In a Rose Garden appearance Wednesday, President Trump warned Democrats not to pursue impeachment proceedings against him.
“There’s a danger here,” said Trump. “If someday a Democrat becomes president and you have a Republican House, they can impeach him for any reason, or her. Any reason. We can’t allow that to happen. We can’t allow it to happen.”
Trump was responding to a growing push from House Democrats to begin an impeachment inquiry into his administration after numerous executive branch officials, including former White House counsel Don McGahn and Attorney General William Barr, have declined to testify. House Speaker Nancy Pelosi has attempted to tamp down her caucus’s push for impeachment hearings, citing the ongoing investigations.
But earlier in the day she charged that the White House was engaged in a “cover-up.”
“We believe no one is above the law, including the president of the United States,” said Pelosi, adding that committees would continue to fight Trump “to get the truth and facts for the American people.”
Trump’s warning that a Republican Congress could impeach a future Democratic president “for any reason” has some basis in history. The last president to face impeachment was a Democrat, Bill Clinton, who was charged with lying about a sexual encounter with a White House intern.
Trump said he walked into a White House meeting with congressional Democrats that was supposed to be about infrastructure funding and informed Pelosi and Senate Minority Leader Chuck Schumer that he wanted to “do infrastructure” but not while he’s facing congressional investigations.
Trump, who declined to be interviewed for special counsel Robert Mueller’s probe, insisted he cooperated fully with the investigation nevertheless.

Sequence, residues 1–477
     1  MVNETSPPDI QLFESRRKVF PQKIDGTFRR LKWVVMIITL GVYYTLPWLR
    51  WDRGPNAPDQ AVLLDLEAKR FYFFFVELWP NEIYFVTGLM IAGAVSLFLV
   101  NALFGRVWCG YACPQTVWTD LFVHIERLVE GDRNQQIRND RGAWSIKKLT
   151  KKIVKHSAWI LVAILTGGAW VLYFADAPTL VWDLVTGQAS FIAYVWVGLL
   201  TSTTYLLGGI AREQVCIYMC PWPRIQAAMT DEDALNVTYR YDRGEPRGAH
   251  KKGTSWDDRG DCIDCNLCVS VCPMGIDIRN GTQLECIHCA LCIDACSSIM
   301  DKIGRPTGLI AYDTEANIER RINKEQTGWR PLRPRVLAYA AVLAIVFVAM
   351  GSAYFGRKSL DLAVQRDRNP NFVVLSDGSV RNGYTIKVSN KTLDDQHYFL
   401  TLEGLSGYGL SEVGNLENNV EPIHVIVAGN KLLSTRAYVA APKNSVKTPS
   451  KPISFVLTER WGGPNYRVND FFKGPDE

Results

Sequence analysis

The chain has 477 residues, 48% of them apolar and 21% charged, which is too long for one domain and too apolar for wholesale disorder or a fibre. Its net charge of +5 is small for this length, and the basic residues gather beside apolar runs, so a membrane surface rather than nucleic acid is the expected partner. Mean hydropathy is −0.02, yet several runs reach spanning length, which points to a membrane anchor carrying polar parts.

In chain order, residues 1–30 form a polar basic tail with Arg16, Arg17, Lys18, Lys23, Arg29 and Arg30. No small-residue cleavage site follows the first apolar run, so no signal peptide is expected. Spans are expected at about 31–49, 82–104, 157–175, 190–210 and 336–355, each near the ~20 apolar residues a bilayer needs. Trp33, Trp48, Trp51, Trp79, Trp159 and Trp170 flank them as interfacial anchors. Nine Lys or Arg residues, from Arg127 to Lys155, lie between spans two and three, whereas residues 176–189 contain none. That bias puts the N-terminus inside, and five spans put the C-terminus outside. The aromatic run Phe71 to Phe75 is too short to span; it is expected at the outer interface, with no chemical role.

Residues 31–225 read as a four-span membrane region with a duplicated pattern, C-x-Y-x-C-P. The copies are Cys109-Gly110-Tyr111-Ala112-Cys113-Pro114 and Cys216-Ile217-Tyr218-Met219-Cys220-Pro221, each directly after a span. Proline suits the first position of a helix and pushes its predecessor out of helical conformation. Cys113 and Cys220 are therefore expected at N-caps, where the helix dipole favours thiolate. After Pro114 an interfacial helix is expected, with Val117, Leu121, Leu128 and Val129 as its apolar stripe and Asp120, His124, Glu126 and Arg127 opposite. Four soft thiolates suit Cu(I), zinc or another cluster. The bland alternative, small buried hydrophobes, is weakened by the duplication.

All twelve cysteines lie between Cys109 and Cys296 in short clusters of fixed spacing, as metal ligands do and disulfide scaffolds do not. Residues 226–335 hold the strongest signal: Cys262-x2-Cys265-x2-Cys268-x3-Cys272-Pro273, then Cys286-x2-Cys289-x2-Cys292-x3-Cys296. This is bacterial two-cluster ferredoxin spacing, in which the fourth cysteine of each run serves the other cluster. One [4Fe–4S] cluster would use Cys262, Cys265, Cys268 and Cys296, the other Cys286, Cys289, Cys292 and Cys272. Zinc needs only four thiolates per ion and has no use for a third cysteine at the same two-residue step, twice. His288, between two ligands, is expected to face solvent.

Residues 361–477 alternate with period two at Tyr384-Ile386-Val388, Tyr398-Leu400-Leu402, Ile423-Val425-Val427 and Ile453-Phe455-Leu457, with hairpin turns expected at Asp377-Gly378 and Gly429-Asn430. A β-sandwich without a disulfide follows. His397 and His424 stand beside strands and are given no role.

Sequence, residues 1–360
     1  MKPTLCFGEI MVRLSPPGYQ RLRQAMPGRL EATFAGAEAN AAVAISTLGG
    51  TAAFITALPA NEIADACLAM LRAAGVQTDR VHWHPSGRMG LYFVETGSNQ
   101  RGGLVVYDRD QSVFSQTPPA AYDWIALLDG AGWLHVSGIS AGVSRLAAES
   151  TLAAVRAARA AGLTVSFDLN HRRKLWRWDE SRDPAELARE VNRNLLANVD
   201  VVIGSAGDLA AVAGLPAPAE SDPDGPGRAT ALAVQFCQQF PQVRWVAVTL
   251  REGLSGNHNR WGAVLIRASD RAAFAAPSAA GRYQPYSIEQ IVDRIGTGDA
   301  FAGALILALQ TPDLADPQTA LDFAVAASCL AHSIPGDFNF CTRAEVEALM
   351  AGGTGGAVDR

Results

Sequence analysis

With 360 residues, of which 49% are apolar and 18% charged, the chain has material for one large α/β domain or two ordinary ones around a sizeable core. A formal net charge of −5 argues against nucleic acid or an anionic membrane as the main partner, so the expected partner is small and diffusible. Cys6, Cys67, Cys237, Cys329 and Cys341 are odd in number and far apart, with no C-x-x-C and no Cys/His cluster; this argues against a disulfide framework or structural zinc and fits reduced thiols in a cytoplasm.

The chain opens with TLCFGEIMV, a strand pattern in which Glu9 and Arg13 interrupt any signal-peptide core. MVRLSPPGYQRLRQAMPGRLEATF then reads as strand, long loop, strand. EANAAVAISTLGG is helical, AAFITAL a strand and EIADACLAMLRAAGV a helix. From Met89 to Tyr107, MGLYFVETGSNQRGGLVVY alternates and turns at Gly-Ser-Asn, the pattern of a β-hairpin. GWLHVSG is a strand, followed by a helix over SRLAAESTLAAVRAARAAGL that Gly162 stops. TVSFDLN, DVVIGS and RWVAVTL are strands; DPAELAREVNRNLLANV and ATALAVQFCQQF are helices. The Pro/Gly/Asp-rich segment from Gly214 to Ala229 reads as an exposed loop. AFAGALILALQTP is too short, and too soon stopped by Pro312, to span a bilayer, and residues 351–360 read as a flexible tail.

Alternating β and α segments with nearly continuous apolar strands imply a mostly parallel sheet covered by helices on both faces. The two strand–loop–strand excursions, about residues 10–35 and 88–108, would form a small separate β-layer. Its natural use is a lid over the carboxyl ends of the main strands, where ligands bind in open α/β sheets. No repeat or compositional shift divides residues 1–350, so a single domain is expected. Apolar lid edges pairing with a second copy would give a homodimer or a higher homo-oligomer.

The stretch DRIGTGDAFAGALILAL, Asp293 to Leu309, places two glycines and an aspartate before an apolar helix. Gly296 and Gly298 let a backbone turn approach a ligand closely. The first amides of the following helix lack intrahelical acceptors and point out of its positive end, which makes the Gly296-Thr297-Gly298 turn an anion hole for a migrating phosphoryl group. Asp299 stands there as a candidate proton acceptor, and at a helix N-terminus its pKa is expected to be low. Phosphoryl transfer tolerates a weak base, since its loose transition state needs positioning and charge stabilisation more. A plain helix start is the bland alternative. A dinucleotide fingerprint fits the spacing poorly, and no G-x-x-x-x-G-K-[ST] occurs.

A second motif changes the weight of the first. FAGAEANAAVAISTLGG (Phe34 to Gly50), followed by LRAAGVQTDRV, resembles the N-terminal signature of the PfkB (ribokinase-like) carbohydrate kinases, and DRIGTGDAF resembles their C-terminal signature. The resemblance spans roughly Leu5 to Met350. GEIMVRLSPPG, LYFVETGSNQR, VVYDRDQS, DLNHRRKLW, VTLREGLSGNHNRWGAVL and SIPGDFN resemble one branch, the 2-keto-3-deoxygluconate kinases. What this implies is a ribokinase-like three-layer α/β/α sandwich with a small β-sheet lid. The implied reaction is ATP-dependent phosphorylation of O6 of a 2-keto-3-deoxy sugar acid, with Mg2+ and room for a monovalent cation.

“I don’t do cover-ups. You people know that probably better than anybody,” said Trump, addressing reporters.
Michael Cohen, Trump’s former personal attorney — currently serving a three-year prison sentence — has said he made a payoff to actress Stormy Daniels, at Trump’s direction, to cover up what she said was a sexual encounter with the president.
Trump decried the cost of the Mueller investigation, which a large sign at the podium put at “$35+ Million.” By other calculations, the investigation actually represented a net profit for the Treasury, factoring in the forfeit of assets by former Trump campaign chairman Paul Manafort.
After Trump’s Rose Garden comments, Pelosi spoke to reporters and denounced the president for his refusal to work with Congress on an infrastructure bill, adding, “In any event, I pray for the president of the United States, and I pray for the United States of America.”
While most of the Republican Party has closed ranks around Trump, Rep. Justin Amash, R-Mich., came out in support of impeachment proceedings over the weekend. Amash, a libertarian who came to Congress in the Tea Party wave of 2010, said there was enough evidence in the special counsel’s report to begin a congressional investigation of the president. Trump replied by calling the five-term representative a “loser” and “total lightweight.”
Rep. Mary Gay Scanlon, D-Pa., vice chair of the House Judiciary Committee, said in a statement Monday that "the time has come to start an impeachment inquiry."
“Congress has patiently tried to work within traditional means to get to the bottom of this extraordinary situation," Scanlon said. "But we have reached an inflection point."
Freshmen Democrats have been pushing for impeachment since beginning their tenure. Shortly after being sworn in in January, Rep. Rashida Tlaib, D-Mich., said, “We’re going to impeach the motherf***er.” Rep. Alexandria Ocasio-Cortez, D-N.Y., told Yahoo News in April that she was in favor of the process.
“It is just as politicized a maneuver to not impeach in the face of overwhelming evidence as it is to impeach w/o cause,” wrote Ocasio-Cortez on Twitter Tuesday. “Congress swore an oath to uphold the Constitution. That includes impeachment. We have a duty to preserve our institutions + uphold the rule of law.”
An article of impeachment being passed by the House would not end Trump’s presidency but would lead to a trial in the Republican-controlled Senate and a vote on whether to remove the president from office.
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